My parents and I always put great emphasis on telling stories that appeal to a child's sense of humor.
Families are where children live. Almost everything they experience is in the context of family life.
I sometimes find that my family's emphasis on stories, characters, and art that appeals directly to children rather than over their heads to adults is not fully appreciated by parents who may have more narrowly adult concerns and agendas.
Parents sometimes object to the amount of humor introduced into stories that are designed to teach moral or spiritual lessons. They seem to think that simple grim lecturing of children is the best way to achieve such goals.
My father was from a secular Jewish family and my mother from a nominally Christian (Episcopalian) one. They were not religious as adults. They did, however, believe in educating their children about the Bible. They viewed this as an essential part of any education.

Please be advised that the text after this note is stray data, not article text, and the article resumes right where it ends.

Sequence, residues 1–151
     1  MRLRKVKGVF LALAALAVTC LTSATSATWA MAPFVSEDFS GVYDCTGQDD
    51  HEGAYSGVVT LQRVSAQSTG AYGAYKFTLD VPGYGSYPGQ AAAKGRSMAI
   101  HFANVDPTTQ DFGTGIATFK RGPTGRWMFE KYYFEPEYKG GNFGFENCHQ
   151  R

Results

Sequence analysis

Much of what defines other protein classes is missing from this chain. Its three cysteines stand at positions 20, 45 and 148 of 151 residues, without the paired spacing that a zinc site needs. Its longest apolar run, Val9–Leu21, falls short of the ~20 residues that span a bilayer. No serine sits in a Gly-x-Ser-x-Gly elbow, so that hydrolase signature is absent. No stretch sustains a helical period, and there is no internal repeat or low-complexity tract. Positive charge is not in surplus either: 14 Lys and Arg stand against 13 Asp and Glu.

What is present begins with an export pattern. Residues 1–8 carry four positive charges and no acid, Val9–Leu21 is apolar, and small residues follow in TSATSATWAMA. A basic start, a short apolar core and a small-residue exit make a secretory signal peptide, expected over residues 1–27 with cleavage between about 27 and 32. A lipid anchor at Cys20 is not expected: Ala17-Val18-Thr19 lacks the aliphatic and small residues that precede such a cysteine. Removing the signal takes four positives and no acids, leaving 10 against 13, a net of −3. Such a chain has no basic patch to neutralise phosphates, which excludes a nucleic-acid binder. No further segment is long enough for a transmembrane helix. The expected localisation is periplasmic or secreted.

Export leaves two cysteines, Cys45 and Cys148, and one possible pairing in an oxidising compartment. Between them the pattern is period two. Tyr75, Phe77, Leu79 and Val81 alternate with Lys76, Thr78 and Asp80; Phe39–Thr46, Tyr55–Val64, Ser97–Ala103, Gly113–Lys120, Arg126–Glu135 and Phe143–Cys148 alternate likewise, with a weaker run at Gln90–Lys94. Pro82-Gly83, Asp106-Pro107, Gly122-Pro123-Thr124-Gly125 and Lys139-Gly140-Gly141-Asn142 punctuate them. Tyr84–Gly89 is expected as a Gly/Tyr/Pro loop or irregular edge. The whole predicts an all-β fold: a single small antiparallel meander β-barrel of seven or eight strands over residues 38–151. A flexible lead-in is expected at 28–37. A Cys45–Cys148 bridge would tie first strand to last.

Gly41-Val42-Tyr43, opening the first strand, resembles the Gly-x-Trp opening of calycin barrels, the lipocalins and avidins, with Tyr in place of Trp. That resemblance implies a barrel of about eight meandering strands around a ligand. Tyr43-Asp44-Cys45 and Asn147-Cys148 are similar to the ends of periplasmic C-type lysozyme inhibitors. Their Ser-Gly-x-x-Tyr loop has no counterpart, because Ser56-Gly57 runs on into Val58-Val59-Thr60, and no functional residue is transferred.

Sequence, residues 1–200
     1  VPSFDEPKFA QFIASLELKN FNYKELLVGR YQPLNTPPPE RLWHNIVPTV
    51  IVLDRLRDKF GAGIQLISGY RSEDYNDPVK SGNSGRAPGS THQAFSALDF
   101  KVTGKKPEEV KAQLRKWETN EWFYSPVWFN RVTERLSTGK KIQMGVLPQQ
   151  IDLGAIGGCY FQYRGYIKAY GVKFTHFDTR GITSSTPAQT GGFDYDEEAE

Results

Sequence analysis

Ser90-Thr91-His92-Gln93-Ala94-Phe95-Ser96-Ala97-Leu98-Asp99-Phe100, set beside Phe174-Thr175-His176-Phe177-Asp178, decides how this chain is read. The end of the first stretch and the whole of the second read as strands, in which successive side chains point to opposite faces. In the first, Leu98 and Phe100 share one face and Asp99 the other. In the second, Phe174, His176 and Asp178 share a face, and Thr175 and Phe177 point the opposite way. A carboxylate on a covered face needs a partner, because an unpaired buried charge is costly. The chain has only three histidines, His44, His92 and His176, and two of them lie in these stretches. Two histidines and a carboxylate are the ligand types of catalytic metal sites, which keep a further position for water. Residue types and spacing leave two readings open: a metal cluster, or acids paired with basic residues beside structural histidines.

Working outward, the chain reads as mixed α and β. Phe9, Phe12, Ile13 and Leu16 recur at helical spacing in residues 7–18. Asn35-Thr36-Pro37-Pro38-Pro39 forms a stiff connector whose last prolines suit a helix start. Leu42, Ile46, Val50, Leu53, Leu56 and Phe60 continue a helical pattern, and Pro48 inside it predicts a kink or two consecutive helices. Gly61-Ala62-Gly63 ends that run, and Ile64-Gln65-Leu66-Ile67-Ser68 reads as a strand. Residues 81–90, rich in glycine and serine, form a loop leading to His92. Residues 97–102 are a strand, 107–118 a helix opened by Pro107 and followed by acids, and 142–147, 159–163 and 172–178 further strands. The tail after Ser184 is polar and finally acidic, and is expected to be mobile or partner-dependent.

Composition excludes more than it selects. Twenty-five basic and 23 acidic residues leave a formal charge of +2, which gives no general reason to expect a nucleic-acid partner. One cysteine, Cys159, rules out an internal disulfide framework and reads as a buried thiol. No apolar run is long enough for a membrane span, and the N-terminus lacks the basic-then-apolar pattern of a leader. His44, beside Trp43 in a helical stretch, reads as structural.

As a young adult, I began to read widely in history, philosophy, and religion - including the Bible. I began to feel that a purely secular view of life was incomplete and that the universe was a fundamentally spiritual place.
I was influenced by my children's education in Quaker schools in the Philadelphia area. I experienced a spiritual awakening and became a Christian, was baptized, and joined a church.
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